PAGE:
Cannabis could generate 8 billion baht for Thai pharmaceutical industry by 2025, expert says

Caitlin Ashworth

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Cannabis could generate 8 billion baht for Thai pharmaceutical industry by 2025, expert says | The Thaiger

Cannabis could become a major cash crop in Thailand. An expert says the cannabis-based medicinal products could generate up to 8 billion baht for the Thai pharmaceutical industry by 2025. Medical cannabis has been legal in Thailand for the past couple years, but recently the government agreed to allow parts of the plant with very, low traces of the “high-inducing” component tetrahydrocannabinol, or THC, to be in medicinal products and food.

Cannabis-based medicines have been used as palliative treatment for some cancer patients in Thailand. Last year, nearly 1 million patients used cannabis-based medicines, according to an economist at Kasetsart University’s Agricultural and Resource Economics Department, Ravissa Suchato.

Around 1.2 billion baht worth of medical cannabis was consumed last year, according to Ravissa, who led a recent study on the economic impact of commercial cannabis cultivation in Thailand. If the average consumption rises as expected, medical cannabis could generate 8 billion baht within the next 5 years.

“We believe marijuana has great potential as a cash crop because more patients will start using marijuana-based drugs soon.”

In the past, Thai officials have discussed the opportunity to tap into the global cannabis market by exporting medical cannabis, but Ravissa says Thailand still has a way to go.

“Globally, the recreational use of marijuana has risen a lot faster than pharmaceutical use, so the prospect of exporting marijuana-based medicines from Thailand is still a long way off.”

Parts of the cannabis plant that are rich in THC, like the buds, are still illegal and classified as a Category 5 narcotic. Trafficking the plant is still heavily criminalised. Just over the past few days, border patrol police in the Northeastern province Nakhon Pathom seized hundreds of kilograms of dried, compressed cannabis believed to have been trafficked across the Mekong River from Laos and destined for the South, possibly to Malaysia.

SOURCE: Thai PBS

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Business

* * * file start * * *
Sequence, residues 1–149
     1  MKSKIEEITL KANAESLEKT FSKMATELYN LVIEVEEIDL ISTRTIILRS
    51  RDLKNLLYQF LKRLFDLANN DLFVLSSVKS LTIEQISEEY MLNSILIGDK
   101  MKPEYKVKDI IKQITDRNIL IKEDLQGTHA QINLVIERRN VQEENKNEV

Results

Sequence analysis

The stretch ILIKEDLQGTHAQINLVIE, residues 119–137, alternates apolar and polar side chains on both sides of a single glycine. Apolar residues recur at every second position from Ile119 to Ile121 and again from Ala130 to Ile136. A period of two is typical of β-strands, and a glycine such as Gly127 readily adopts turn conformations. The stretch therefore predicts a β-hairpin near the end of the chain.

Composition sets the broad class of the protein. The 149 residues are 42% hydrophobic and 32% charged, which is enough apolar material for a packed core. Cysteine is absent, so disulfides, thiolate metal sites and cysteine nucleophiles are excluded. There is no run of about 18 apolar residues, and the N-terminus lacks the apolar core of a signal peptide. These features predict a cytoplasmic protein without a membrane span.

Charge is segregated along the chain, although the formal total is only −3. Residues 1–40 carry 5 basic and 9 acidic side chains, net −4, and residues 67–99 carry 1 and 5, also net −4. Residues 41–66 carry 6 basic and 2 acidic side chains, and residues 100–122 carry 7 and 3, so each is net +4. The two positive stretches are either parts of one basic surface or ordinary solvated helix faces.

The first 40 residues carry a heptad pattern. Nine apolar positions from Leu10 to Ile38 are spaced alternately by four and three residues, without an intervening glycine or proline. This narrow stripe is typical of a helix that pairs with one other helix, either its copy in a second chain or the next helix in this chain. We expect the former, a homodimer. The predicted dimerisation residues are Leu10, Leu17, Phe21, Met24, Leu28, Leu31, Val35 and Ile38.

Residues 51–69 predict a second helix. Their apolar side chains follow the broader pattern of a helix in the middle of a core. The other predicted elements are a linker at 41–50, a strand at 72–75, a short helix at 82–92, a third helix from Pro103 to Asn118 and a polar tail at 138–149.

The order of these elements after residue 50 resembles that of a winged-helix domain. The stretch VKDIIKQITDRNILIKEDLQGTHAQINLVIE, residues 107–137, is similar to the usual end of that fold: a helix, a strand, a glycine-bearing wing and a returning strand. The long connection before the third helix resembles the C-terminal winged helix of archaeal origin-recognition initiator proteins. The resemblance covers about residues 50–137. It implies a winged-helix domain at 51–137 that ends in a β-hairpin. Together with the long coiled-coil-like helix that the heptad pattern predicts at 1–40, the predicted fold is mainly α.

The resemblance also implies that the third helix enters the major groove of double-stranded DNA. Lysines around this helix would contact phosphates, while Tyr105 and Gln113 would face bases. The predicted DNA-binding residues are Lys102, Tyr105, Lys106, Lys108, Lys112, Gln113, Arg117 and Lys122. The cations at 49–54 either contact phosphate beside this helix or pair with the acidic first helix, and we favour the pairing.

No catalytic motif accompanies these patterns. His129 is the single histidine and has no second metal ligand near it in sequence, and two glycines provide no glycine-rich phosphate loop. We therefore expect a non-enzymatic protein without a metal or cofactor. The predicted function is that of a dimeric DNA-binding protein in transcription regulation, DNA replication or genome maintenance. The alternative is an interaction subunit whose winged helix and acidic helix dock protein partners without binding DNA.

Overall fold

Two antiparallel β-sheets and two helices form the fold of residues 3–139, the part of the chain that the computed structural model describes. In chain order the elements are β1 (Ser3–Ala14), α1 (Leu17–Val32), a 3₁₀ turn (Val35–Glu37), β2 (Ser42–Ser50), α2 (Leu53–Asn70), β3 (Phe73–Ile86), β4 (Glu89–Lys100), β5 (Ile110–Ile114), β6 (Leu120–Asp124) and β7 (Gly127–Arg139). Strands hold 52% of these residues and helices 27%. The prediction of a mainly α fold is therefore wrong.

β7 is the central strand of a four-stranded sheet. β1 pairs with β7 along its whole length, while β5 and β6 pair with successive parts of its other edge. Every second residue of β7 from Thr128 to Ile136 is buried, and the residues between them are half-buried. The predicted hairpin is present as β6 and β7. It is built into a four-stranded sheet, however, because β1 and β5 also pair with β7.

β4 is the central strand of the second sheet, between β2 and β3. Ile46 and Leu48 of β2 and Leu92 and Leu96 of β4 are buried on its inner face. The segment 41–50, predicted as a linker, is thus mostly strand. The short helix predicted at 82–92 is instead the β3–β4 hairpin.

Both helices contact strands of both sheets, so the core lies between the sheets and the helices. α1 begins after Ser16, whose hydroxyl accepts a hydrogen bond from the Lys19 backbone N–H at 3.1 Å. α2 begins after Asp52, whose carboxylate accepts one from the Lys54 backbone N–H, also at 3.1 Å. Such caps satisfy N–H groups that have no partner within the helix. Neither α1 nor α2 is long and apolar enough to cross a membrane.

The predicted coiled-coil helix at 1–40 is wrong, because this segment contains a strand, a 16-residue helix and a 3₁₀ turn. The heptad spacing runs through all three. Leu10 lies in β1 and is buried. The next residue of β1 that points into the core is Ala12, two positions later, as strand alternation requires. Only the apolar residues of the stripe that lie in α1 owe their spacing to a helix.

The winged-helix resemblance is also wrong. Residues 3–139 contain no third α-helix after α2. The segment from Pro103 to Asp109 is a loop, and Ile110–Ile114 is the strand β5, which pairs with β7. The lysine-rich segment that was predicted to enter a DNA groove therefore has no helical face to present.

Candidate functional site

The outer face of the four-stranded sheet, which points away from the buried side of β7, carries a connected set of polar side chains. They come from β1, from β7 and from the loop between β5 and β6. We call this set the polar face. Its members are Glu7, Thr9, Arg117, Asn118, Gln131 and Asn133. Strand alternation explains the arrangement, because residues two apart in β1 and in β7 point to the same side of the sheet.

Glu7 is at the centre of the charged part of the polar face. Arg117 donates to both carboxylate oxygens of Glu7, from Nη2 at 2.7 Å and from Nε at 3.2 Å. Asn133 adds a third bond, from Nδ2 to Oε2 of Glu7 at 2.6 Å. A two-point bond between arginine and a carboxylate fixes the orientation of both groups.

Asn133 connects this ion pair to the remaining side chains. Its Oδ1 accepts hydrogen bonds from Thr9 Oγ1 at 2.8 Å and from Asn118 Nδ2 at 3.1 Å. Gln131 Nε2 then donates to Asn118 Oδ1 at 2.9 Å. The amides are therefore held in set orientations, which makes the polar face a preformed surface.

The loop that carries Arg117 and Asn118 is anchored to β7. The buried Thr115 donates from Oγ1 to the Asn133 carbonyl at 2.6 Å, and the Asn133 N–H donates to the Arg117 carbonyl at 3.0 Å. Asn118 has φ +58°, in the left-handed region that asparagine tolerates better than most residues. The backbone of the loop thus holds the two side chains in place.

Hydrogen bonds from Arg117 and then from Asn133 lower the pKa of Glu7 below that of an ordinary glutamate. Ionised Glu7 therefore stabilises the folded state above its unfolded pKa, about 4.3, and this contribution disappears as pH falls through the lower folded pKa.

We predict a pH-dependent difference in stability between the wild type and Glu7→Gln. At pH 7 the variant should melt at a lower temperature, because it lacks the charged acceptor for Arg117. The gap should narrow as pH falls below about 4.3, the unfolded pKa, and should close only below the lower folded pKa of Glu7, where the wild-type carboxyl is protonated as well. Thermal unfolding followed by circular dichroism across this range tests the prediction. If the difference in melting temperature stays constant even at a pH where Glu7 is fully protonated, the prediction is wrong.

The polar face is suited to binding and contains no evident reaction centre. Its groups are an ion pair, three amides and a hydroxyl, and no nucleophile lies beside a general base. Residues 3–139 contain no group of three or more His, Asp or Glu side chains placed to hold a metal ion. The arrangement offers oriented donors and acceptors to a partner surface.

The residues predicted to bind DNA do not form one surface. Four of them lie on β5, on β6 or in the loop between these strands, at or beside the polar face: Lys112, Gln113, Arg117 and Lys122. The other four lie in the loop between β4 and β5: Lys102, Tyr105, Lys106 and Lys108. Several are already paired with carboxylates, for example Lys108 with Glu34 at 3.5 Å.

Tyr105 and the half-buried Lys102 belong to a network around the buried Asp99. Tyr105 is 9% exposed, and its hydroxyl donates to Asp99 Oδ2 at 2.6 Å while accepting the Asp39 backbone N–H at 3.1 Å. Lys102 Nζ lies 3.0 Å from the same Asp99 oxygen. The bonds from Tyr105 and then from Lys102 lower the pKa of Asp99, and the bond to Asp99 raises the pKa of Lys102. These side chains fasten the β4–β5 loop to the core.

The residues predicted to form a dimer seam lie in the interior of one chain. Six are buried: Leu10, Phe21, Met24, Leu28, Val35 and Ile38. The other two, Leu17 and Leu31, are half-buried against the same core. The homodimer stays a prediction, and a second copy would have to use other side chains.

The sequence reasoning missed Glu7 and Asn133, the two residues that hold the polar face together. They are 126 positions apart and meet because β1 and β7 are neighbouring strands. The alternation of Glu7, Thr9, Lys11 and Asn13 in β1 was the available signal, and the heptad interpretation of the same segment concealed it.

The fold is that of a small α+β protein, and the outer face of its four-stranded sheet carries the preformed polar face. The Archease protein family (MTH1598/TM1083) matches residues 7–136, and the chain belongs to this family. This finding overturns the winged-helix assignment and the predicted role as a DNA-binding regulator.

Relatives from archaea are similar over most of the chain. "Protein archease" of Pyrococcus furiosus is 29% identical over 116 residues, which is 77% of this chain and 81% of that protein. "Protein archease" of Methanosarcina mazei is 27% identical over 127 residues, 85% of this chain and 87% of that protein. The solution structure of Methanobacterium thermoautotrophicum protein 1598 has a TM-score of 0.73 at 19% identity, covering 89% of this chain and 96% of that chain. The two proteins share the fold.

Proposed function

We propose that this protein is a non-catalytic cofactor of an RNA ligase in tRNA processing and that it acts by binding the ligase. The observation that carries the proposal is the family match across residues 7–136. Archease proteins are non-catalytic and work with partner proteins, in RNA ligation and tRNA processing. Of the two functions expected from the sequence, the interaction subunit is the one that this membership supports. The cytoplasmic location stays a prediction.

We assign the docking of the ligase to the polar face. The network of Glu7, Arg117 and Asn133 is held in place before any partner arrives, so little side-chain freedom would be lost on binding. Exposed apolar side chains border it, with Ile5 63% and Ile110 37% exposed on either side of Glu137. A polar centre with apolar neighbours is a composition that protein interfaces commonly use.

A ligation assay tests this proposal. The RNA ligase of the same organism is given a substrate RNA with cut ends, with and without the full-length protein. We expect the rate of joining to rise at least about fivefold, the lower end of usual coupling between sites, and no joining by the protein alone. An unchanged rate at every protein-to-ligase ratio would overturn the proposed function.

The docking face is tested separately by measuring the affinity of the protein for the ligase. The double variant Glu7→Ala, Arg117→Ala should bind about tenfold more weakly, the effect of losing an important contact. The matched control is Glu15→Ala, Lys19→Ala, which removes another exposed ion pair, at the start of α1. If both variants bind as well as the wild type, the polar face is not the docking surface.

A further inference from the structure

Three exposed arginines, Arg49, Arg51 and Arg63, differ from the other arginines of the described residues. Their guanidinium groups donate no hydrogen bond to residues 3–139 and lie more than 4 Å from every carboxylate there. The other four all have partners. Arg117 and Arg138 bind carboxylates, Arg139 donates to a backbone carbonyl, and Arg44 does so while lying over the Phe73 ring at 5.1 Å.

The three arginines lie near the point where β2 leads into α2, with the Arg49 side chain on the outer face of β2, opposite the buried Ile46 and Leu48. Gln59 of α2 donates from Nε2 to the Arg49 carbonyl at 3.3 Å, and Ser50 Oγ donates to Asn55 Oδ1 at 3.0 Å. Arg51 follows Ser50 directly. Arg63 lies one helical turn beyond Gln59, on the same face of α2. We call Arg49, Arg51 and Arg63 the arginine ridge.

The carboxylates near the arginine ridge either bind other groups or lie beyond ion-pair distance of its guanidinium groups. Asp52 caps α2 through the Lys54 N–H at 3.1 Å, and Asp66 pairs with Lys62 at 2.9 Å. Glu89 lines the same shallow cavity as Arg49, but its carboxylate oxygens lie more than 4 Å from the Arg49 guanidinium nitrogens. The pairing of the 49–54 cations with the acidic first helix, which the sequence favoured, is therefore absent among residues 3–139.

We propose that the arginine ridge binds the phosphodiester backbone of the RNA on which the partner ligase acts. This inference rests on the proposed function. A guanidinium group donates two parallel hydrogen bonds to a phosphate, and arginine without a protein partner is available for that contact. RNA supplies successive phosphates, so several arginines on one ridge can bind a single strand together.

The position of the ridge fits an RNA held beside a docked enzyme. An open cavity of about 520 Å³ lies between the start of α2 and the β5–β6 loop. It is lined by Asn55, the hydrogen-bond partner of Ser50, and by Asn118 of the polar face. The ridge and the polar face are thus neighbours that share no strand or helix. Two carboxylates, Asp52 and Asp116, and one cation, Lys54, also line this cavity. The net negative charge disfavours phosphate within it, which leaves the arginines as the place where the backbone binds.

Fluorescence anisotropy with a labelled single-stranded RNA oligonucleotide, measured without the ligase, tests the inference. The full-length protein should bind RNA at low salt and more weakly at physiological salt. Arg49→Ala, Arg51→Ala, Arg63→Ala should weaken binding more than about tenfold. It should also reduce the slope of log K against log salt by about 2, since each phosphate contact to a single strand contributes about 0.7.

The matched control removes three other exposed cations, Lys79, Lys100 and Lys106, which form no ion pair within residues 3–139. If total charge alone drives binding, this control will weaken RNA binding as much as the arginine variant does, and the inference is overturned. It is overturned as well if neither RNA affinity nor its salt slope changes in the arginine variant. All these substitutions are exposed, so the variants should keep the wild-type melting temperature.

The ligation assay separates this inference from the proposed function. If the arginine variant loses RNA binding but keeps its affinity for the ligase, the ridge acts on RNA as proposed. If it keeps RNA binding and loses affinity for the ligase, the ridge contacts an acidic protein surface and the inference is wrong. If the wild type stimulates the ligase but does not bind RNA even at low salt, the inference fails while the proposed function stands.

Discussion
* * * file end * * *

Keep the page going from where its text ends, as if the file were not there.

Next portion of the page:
The social media giants in battle with ‘old’ media and world governments | VIDEO

The Thaiger

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The social media giants in battle with ‘old’ media and world governments | VIDEO | The Thaiger

“The rules signal greater willingness by countries around the world to rein in big tech firms such as Google, Facebook and Twitter that the governments fear have become too powerful with little accountability.”

India has issued strict new rules for Facebook, Twitter and other social media platforms just weeks after the Indian government attempted to pressure Twitter to take down social media accounts it deemed, well, anti social.

The rules require any social media company to create three roles within India… a “compliance officer” who ensures they follow local laws; a “grievance officer” who addresses complaints from Indian social media users; and a “contact person” who can actually be contacted by lawyers and other aggrieved Indian parties… 24/7.

The companies are also being made to publish a compliance report each month with details about how many complaints they’ve received and the action they took.

They’ll also be required to remove ‘some’ types of content including “full or partial nudity,” any “sexual act” or “impersonations including morphed images”

The democratisation of the news model, with social media as its catalyst, will continue to baffle traditional media and governments who used to enjoy a level of control over what stories get told.

The battles of Google and Facebook, with the governments of India and Australia will be followed in plenty of other countries as well.

At the root of all discussions will be the difference between what governments THINK social media is all about and the reality about how quickly the media landscape has changed. You’ll get to read about it first, on a social media platform… probably on the screen you’re watching this news story right now.